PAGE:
AmeriCorps helping rural Oregon
An AmeriCorps program administered by the University of Oregon is beginning its 19th year of service to rural Oregon, buoyed by especially strong support at a time when state resources for similar efforts are limited.
Through Resource Assistance for Rural Environments (RARE), 25 post-college RARE AmeriCorps members are spending eleven months living and working in the state’s smaller towns, assisting officials with projects that improve economic, social, and environmental conditions.
Terra Wilcoxson, who in June earned a master’s degree in architecture from UO, is helping the City of Tillamook implement a master plan for parks. “It will be incredibly helpful for future job opportunities,” she says.
With funding for the $2 million program secure for the next three years, “we can ensure that AmeriCorps members are bringing critical support to rural Oregon,” says Megan Smith, executive director of the UO Community Service Center, which administers the program.
Above: Megan Smith, executive director of the UO Community Service Center, talks with RARE Americorps members at a group meeting before participants deployed across the state.
Three RARE AmeriCorps members are working in Roseburg and others are located from Port Orford to Lakeview to LaGrande. Projects for RARE participants include downtown redevelopment programs, local and regional food systems, tourism-based economic development, and renewable-energy initiatives. A Google map shows where this year’s AmeriCorps members are placed throughout Oregon and summarizes each of their duties.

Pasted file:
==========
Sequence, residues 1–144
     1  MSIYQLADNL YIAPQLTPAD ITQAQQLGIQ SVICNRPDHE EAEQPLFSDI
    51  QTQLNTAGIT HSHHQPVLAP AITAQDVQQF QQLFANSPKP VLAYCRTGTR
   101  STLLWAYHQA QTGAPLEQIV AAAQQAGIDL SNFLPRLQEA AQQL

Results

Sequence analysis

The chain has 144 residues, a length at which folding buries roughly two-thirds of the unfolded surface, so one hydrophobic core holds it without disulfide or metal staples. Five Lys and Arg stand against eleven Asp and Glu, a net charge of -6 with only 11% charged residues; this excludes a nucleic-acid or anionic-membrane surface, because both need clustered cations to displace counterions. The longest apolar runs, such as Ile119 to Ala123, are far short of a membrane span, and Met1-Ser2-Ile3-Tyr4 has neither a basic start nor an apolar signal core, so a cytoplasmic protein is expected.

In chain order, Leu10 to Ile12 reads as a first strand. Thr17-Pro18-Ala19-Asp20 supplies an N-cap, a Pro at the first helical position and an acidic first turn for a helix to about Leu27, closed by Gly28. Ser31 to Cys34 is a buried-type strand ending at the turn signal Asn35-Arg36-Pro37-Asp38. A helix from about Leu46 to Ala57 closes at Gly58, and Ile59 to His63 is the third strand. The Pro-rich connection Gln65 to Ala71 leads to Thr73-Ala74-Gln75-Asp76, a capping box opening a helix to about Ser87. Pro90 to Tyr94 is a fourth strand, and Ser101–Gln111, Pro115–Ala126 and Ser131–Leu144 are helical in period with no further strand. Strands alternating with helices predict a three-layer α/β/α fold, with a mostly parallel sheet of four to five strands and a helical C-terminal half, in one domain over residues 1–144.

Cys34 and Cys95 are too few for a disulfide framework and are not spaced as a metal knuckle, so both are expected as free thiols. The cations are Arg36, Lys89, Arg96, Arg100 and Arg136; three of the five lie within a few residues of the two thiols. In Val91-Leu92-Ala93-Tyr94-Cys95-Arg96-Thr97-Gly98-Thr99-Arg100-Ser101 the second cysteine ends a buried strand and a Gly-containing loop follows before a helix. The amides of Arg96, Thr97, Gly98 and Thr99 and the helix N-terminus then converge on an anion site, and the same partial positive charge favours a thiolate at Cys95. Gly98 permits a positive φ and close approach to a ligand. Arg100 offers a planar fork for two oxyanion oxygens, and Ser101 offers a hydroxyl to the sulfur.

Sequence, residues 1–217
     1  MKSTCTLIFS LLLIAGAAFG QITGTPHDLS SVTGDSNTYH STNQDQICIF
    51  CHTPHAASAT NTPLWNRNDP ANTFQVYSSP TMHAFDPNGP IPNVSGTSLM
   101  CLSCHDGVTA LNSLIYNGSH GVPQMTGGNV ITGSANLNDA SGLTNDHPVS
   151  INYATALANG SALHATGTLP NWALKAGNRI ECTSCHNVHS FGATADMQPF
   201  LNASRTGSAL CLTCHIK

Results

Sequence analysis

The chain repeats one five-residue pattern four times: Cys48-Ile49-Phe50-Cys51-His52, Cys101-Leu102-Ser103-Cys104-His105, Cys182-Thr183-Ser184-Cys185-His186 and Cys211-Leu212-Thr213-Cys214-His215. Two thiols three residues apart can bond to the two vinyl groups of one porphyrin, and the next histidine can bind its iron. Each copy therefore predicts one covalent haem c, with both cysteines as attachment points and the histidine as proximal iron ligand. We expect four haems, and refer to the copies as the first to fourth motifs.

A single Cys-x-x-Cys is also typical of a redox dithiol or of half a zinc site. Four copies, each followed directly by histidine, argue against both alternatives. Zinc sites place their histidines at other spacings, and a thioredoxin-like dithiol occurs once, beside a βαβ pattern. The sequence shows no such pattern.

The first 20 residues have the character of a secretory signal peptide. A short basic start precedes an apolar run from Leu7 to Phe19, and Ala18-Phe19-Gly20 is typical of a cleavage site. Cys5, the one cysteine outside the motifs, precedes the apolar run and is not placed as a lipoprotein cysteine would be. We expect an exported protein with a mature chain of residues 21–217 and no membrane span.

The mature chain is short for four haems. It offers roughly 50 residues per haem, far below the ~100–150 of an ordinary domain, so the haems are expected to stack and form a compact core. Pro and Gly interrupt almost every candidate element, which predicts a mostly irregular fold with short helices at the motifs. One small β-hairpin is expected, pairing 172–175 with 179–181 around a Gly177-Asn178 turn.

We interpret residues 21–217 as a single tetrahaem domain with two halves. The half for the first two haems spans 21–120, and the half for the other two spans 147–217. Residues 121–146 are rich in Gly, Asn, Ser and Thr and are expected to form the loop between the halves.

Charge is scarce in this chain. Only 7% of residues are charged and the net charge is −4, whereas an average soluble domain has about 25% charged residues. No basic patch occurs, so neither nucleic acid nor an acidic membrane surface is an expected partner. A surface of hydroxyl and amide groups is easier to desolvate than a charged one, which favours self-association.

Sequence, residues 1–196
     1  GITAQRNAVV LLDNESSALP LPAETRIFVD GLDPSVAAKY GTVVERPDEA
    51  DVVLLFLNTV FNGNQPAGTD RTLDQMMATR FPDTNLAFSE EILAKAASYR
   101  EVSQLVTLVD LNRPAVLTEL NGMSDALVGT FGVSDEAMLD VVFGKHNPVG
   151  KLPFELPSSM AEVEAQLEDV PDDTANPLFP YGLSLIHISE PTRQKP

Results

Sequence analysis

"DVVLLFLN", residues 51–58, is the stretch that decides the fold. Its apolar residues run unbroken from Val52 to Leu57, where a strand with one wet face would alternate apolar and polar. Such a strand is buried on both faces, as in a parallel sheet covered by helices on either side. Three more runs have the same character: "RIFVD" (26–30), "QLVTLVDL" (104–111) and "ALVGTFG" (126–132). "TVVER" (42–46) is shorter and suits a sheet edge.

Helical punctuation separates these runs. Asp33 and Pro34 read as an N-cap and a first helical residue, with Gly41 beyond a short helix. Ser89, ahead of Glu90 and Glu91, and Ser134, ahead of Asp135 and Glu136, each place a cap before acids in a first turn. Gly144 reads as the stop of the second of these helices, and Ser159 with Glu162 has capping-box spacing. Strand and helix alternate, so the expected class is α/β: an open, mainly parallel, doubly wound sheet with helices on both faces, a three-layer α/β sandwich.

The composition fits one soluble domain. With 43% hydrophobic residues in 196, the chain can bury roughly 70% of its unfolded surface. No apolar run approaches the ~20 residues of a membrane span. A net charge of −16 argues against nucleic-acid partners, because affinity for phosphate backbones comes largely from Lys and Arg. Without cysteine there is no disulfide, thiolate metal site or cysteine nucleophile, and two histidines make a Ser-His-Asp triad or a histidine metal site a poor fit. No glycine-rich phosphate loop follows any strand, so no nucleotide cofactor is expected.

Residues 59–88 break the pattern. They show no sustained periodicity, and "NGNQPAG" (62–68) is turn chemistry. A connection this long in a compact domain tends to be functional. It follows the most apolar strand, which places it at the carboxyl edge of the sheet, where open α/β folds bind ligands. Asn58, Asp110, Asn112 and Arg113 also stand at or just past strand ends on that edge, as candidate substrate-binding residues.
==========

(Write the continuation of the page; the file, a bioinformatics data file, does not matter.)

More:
An AmeriCorps grant of $200,000 annually leverages the additional support necessary for the program. Key partners include Oregon Food Bank, Oregon Main Street program, and Oregon Volunteers!
Under the program, qualified college graduates selected as RARE AmeriCorps members assist communities and agencies in developing plans that sustain natural resources and improve rural economic conditions. In return, the participants gain community building and leadership skills. Statistically, in the past four years:
• RARE AmeriCorps members recruited 6,310 community members to participate in their projects.
• The community members served more 20,633 volunteer hours.
• RARE AmeriCorps members produced 452 deliverables for their communities.
• RARE AmeriCorps members trained 3,124 community members on a variety of skills, from grant writing to GIS to web development.
• Through the efforts of the RARE AmeriCorps members, 66 plans were developed and more than $10 million in grants were written by AmeriCorps members. Of this, $6.6 million were funded and $1.26 million are pending.
Khristina Fulkerson, who earned a bachelor’s degree in business administration from Humboldt State University, is working with the Oregon International Port of Coos Bay on projects to improve the local and regional economy.
“It’s an amazing opportunity to do this great work with a level of professionalism and independence that I wouldn’t expect to find easily elsewhere,” she says.
Above: Terra Wilcoxson, who in June earned a master’s degree in architecture from the university, is helping the City of Tillamook implement a master plan for parks. “It will be incredibly helpful for future job opportunities,” she says.
Story by Matt Cooper and Karen Johnson